As we noted yesterday morning, January 16, 2018 officially marked the effective date of the Consumer Financial Protection Bureau’s Payday Rule (see here).
Not a moment too soon, the CFPB issued a press release yesterday afternoon announcing that it “intends to engage in a rulemaking process so that the Bureau may reconsider the Payday Rule.” The release is brief and notes only that yesterday’s effective date triggers an April 16, 2018 application deadline for entities interested in becoming registered information systems (think credit reporting agencies for payday lending), but that the CFPB “may waive this deadline pursuant to 12 C.F.R. 1041.11(c)(3)(iii).” That provision of the Code of Federal Regulations is part of the Payday Rule itself and permits the CFPB to waive deadlines as to the registered information systems deadlines only.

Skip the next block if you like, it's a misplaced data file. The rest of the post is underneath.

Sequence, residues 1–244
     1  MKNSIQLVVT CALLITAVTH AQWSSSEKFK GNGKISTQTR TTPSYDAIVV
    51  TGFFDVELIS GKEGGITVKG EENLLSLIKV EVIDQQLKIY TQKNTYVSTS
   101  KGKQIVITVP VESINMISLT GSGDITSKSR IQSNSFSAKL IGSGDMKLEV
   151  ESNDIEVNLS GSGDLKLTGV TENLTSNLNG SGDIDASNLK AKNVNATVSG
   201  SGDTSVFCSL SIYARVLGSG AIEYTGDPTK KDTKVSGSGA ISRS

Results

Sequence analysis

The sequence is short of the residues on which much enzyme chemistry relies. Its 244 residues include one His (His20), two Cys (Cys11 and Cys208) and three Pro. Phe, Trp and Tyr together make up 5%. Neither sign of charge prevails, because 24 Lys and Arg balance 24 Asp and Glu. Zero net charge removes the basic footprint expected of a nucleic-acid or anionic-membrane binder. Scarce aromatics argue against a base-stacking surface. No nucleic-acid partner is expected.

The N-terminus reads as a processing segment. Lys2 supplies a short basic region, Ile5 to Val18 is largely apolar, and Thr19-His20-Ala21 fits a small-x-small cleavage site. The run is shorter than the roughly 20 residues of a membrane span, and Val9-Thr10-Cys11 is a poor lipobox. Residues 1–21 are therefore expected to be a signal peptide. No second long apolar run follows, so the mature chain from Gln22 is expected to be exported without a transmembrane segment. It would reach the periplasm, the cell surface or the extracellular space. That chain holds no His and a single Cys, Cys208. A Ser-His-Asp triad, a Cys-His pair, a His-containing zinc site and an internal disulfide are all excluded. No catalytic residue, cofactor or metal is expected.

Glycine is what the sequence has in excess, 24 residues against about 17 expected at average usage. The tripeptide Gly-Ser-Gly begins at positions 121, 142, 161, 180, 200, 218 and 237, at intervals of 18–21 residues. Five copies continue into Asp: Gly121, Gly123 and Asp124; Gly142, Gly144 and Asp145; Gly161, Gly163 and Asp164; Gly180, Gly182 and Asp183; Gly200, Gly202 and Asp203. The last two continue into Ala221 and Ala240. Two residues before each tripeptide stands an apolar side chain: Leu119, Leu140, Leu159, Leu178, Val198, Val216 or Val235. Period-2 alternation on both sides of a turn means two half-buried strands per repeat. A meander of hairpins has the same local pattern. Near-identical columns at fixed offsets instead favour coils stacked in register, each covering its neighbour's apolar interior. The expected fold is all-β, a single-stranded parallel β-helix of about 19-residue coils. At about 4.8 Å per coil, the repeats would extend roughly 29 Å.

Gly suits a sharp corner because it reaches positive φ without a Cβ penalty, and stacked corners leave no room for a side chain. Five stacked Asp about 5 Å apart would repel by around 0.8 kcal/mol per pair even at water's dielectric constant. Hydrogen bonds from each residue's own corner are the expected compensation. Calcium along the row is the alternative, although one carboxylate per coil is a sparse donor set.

The CFPB’s announcement is silent as to the impact of this “reconsideration” on compliance with those provisions of the Payday Rule that directly impact payday lenders, such as new requirements that covered lenders must determine consumers’ ability to repay. With no additional information regarding the timing for the forthcoming rulemaking or what modifications to the Rule are being considered, questions remain as to what covered institutions should do moving forward with the Payday Rule otherwise effectively on the books.
Particularly now that rulemaking on the Payday Rule is back on the table, interested stakeholders may want to engage in order to achieve their particular policy objectives.